Trial of new way to focus A&E on emergencies only

04 Jul 2016

One in three people in our local A&Es today simply do not need to be there. They do not have a life-threatening condition and they are not an emergency. We know this because a recent trial at Queen’s Hospital A&E told us exactly that. 

Many people are no longer put off by long waits in A&E and our doctors and nurses are finding it harder to cope. We need new ways of assessing and helping you to get the right care in the right place – and reduce the pressure on our busy A&Es. 

From Monday 11 to Friday 22 July, we will be trying something new at Queen’s Hospital in Romford. 

If you arrive at A&E between 8am and 8pm, but could be seen and treated elsewhere to get the care you need – you will be given advice on where to go for help. That could be from your GP, a pharmacist, our late night GPs service or even at home with your feet up for a day or two. This will mean the A&E team can focus on those who really do need their help and expertise to deal with very serious and life threatening illness or injury. That’s what an A&E is really for. 

There’s no need for anyone to worry: no-one will be ‘turned away’ until they’ve been checked over by a senior doctor and given advice on what they need to do. 

Extra appointments will be available in our GP hubs during the trial to support patients redirected from Queen’s who need to see a GP urgently. 

This two-week trial will help us see what people do when they can’t simply walk in to A&E and wait to be seen. It will allow us to see what this means for our GPs and other health and care services. We can then make a decision about what is best for patients and what it means for health services across Barking and Dagenham, Havering and Redbridge.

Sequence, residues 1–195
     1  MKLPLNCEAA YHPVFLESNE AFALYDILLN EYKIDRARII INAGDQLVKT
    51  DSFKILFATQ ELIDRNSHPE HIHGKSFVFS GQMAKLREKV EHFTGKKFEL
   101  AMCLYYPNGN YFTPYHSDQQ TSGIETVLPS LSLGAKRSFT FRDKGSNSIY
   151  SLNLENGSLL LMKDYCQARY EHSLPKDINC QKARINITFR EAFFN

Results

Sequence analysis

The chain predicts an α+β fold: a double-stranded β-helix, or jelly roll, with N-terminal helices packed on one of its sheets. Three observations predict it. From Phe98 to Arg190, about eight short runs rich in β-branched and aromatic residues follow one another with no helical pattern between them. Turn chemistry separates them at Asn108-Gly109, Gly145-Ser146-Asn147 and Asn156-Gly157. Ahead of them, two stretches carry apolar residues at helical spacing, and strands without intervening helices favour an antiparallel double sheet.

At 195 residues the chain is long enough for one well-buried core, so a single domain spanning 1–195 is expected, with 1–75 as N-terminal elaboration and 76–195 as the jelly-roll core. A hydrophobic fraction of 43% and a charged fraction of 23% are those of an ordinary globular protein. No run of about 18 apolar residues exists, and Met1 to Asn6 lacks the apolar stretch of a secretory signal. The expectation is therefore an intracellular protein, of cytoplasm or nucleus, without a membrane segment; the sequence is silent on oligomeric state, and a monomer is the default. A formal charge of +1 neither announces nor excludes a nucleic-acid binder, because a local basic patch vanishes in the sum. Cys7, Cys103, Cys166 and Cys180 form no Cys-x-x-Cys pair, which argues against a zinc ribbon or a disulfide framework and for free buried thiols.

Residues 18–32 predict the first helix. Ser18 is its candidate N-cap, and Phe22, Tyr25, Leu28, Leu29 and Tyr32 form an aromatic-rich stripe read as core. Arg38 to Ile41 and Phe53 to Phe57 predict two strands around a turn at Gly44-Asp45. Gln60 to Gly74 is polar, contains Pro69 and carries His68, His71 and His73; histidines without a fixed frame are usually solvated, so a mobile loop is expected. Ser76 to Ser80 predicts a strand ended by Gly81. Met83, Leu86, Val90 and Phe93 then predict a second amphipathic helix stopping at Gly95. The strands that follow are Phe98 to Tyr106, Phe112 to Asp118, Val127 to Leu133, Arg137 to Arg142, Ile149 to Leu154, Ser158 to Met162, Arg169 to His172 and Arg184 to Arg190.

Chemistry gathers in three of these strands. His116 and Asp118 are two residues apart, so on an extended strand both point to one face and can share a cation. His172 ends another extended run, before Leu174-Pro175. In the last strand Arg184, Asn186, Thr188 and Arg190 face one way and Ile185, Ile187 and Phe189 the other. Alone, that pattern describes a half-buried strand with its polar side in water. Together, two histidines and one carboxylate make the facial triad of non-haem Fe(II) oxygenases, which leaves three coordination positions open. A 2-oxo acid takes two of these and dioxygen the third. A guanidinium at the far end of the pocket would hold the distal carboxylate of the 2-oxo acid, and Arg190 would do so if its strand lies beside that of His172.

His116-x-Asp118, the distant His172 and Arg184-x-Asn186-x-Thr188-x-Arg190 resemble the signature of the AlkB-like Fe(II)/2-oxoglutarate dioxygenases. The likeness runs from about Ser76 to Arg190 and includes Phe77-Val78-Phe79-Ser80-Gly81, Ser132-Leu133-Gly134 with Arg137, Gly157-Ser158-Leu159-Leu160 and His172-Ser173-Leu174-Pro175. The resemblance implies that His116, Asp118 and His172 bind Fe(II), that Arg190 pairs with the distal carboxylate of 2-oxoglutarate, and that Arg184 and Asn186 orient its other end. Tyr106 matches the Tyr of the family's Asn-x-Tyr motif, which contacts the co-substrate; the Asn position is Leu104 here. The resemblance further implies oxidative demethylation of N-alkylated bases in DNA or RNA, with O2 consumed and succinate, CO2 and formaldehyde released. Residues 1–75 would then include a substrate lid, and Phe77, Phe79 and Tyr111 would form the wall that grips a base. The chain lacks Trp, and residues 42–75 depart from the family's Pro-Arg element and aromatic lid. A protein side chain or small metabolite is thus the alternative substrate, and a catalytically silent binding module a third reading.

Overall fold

Your views shaping our improvements to urgent and emergency care

The two-week trial at Queen’s Hospital is not the only way we are getting insight into people’s use of urgent and emergency care services – in March 2016 we did the biggest piece of market research on the topic ever carried out in our area. 

We talked to more than 4,000 people who live in Barking and Dagenham, Havering and Redbridge, because we wanted to know more about people’s understanding and awareness of local UEC services, and what drives the choices they make when they need urgent care. 

The study has now been published and can be found on the Document page of this website. Key findings include:

  • Local people are very aware of alternative services, but default to A&E due to confusion about choices
  • Those who are given professional healthcare advice will tend to follow it
  • A&E is seen as a reliable, same-day service for urgent care needs and long waits are not a deterrent. People are prepared to wait as they believe they will be seen and treated – even though they understand it’s not always the appropriate place to go
  • People are more than twice as likely to use their GP than go to A&E
  • GPs are the most commonly used service (72%) followed by pharmacy/chemist (69%) – with A&E third most commonly used at 31%
  • Of those attending A&E
    • 39% sought no advice before attending A&E
    • 37% had seen their GP with the same issue
    • 26% had been to A&E before with same issue

The research study was co-designed by our three local Healthwatch organisations and is already shaping our ambitious programme of change for UEC services in our area. It was commissioned using funding provided through the national Vanguard programme

This research builds on engagement work undertaken in summer 2015. We continue to listen to local people and take their feedback and experiences on board to help us transform UEC (urgent and emergency care) services across Barking and Dagenham, Havering and Redbridge.

Read the summary of the research report and supporting documents.